“Flying the Ox is much more akin to playing an instrument than operating a machine. Approach the challenge less formally, do so with confidence, and the craft’s perfect obedience will be your reward.”

I lost sight of the burner strap and by accident pulled a vent on the main balloon. We began to rotate and descend with great rapidity. The Colonel allowed me to find the correct cord on my own, and I did so just in time as the Ox nearly scraped a rolling pasture hill, startling a herd of brown Belgian cows enough to sour their milk.

Taking care to avoid the ripping line, I continued to bring the Ox up, searching for the northwest wind. To my chagrin, I sent us southeast, and it took a deft intervention from the Colonel to set us right. Applying the correct pressure on the correct combination of cords in the correct sequence did indeed give him the appearance of an accomplished maestro.

“Skill comes with practice, and northwest can be elusive. Northeast can be downright tempestuous,” he said as if recalling a talented snooker rival.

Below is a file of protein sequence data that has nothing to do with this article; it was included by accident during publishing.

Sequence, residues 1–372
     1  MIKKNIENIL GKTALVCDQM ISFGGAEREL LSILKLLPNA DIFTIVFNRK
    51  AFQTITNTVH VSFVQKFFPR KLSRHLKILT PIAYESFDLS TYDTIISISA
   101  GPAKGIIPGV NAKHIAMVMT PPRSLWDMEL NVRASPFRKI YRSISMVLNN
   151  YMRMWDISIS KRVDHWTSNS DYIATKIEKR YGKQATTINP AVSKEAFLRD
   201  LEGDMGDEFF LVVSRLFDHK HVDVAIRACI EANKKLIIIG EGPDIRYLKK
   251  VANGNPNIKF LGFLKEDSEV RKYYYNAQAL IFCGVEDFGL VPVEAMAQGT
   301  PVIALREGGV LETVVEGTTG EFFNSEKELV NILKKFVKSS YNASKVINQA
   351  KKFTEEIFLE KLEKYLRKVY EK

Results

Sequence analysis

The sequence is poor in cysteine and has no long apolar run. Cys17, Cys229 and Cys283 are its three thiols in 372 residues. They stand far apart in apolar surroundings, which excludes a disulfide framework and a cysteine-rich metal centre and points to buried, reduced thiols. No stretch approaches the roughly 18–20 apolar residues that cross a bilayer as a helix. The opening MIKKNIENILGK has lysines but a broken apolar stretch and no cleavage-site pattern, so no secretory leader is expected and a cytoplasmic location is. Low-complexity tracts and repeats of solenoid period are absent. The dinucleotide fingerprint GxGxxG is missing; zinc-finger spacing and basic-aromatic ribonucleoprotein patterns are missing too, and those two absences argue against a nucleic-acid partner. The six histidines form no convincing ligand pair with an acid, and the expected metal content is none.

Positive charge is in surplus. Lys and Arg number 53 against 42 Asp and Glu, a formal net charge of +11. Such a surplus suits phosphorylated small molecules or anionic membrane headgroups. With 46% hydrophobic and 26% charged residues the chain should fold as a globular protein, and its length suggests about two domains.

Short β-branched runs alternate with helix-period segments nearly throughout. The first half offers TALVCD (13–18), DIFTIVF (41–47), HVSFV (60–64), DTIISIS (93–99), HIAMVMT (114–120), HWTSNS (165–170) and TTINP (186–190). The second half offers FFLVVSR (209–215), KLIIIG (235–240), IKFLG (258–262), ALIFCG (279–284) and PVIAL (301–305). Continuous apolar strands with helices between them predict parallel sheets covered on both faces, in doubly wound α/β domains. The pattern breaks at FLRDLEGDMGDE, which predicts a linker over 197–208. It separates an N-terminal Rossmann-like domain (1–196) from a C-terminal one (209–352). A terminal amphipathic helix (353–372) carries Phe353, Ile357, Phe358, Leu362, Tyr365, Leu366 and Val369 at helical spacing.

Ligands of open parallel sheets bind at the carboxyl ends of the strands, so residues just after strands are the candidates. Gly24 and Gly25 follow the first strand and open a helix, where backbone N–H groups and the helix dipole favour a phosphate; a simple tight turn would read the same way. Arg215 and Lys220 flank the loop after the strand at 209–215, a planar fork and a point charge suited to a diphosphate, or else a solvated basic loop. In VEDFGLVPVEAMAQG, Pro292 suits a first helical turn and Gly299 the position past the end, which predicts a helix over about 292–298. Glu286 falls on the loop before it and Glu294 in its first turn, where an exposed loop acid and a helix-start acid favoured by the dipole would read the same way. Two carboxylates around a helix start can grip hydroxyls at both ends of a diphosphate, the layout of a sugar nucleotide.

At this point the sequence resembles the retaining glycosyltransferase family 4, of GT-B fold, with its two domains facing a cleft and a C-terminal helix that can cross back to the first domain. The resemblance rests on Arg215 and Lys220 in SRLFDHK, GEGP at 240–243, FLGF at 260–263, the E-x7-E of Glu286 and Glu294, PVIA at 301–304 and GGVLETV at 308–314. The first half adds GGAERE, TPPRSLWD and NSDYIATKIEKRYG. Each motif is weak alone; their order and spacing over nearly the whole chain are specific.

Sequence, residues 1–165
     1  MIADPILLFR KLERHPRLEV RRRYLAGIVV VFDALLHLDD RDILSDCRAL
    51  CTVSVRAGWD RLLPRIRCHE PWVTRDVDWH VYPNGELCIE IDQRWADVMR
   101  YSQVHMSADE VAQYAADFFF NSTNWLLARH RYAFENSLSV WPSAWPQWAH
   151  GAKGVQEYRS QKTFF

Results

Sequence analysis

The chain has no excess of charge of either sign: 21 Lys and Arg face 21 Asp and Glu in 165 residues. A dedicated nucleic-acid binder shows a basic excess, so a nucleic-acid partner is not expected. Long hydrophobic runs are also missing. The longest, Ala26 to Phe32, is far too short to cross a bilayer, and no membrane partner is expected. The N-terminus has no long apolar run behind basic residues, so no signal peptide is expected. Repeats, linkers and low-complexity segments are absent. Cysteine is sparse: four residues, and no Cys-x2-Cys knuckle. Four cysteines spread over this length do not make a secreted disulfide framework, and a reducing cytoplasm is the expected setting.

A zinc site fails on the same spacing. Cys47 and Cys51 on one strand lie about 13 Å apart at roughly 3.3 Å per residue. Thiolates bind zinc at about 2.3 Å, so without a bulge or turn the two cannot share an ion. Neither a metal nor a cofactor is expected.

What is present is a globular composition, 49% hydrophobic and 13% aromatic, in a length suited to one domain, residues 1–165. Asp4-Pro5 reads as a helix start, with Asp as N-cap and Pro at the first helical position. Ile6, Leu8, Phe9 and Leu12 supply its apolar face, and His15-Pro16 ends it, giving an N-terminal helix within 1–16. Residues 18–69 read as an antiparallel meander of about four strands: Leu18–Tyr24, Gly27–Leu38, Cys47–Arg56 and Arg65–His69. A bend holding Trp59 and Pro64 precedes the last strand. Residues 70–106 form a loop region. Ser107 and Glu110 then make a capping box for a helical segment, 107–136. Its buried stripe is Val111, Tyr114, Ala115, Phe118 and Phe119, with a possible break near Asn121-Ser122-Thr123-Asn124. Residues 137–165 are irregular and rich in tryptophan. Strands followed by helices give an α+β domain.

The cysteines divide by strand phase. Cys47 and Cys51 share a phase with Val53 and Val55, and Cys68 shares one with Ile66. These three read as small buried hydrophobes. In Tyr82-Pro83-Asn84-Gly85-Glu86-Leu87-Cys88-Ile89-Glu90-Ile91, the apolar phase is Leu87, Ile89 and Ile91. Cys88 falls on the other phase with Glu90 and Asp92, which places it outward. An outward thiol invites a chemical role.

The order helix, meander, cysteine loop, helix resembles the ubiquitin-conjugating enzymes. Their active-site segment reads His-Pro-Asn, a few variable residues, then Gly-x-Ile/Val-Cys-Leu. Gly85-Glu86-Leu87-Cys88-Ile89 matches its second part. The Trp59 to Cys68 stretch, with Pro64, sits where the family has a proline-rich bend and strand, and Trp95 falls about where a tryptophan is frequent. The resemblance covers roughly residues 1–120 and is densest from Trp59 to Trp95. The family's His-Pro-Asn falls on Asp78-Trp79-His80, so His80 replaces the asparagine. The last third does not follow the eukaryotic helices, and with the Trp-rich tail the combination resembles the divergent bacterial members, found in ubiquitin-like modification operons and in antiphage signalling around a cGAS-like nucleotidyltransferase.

I readied another question, but the Colonel anticipated me. He held up a gentle hand to stay the incoming query, motioned with both hands downward, indicating I should relax, then gestured to the edge of the Ox.

So worried I’d been about that morning’s lesson, I’d hardly taken a moment to observe our environment. I joined the Colonel at the railing, and became lightheaded with wonder. The full effect of flight had been disguised by darkness the previous night, and now, in the maturing light of dawn, I beheld a world transformed by perspective: rivers and mountains were maps come to life, trees were seas of leaves that shimmered emerald in the breeze, even birds flew at a height far below the Ox, moving like schools of fish in currents of wind.